A Book of designs by Mrs Watson — a 154-page collection of inked designs — was published in 1824. Design sources like this provide literally hundreds of patterns to work in embroidery, either as-is or for you to adapt to your projects. Better still, you can use these designs as points of departure for your own designs. Also, readers who are interested in Design history and the history of decoration will find this free book worth looking at.
There is quite a range of different types of patterns that you can use for surface embroidery. Many border patterns can be easily adapted and used for the edges of household items such as tea towels, placemats, small cloths, etc. Or these patterns could be worked around the edge of a tote bag. These designs are also highly adaptable for crazy quilting.
Many separate motifs are useful too — I can see so many options here for instance.
The book is out of copyright, digitised, and provided by Archive.org. Book of designs by Mrs Watson is available free in a number of formats including Kindle and PDF. Don’t forget to check out my stitch dictionary area of the Pintangle website, as it will give you loads of ideas on how to interpret these designs in stitches.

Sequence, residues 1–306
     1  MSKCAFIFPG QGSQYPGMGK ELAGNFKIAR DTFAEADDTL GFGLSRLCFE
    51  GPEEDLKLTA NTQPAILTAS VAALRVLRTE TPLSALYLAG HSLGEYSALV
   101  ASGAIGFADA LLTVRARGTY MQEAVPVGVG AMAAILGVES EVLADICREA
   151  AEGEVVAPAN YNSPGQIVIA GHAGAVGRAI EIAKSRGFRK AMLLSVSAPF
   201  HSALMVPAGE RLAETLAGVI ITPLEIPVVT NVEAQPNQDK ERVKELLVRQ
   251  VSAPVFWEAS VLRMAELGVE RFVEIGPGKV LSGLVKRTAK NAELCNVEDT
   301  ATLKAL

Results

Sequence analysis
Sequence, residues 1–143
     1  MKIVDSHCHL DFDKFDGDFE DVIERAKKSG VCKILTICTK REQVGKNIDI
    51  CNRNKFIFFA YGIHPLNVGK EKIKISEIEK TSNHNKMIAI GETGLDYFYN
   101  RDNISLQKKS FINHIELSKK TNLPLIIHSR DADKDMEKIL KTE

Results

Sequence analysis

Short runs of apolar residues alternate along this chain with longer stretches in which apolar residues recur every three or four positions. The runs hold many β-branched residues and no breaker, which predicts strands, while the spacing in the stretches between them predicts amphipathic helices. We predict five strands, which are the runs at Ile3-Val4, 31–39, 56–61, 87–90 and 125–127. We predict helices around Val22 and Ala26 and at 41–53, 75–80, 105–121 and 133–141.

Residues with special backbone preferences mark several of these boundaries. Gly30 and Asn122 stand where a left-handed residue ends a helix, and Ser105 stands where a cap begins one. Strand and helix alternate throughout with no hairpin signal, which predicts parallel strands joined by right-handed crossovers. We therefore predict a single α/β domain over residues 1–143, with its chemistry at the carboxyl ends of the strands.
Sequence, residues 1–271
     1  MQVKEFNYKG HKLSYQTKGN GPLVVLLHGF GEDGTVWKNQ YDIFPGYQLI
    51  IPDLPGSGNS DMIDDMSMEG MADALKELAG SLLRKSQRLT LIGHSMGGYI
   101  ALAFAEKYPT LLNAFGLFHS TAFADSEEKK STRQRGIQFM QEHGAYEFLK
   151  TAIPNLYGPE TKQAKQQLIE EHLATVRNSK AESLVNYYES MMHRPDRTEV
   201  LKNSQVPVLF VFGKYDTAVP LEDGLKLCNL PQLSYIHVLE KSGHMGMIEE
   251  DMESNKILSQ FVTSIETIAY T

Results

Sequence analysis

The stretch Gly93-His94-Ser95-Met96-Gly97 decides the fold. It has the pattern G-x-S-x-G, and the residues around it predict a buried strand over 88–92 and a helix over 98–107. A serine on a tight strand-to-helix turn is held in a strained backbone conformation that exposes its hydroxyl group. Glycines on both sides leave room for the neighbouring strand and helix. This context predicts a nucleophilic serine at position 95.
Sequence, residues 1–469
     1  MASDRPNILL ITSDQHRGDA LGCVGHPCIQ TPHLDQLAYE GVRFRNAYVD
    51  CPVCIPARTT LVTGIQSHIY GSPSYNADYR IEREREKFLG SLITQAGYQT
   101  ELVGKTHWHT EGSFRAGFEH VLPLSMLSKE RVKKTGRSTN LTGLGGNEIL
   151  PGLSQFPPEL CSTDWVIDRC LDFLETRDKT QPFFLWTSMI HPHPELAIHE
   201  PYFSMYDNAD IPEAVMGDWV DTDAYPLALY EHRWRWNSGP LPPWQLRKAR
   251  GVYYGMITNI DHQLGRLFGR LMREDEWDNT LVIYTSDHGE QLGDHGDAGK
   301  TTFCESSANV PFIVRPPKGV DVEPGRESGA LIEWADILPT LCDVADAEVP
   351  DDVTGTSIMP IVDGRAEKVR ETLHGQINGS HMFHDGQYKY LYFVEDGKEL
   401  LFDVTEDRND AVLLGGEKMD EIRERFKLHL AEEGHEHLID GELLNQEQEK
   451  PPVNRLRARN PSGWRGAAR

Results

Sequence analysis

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Experimenting with different threads can be expensive. You would normally have to buy a whole skein of each type of thread. My thread twisties are a combination of different threads to use in creative hand embroidery. These enable you to try out stitching with something other than stranded cotton. For the price of just a few skeins, you can experiment with a bundle of threads of luscious colours and many different textures.
These are creative embroiders threads. With them, I hope to encourage you to experiment. Each Twistie is a thread bundle containing silk, cotton, rayon, and wool. Threads range from extra fine (the same thickness as 1 strand of embroidery floss) to chunky couchable textured yarns. All threads have a soft and manageable drape. Twisting them around a needle makes experimental hand embroidery an interesting journey rather than a battle. Many are hand-dyed by me. All are threads I use. You may find a similar thread twist but no two are identical.
You will find my thread twisties in the Pintangle shop here.